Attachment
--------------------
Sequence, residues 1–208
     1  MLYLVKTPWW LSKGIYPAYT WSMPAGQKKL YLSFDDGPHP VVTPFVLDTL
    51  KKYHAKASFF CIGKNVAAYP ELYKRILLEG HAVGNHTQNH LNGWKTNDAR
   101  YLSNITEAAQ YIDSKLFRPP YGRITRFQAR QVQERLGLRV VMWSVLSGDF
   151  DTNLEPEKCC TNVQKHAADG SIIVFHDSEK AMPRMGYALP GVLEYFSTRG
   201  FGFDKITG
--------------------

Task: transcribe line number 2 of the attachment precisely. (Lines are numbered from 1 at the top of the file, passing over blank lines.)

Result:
     1  MLYLVKTPWW LSKGIYPAYT WSMPAGQKKL YLSFDDGPHP VVTPFVLDTL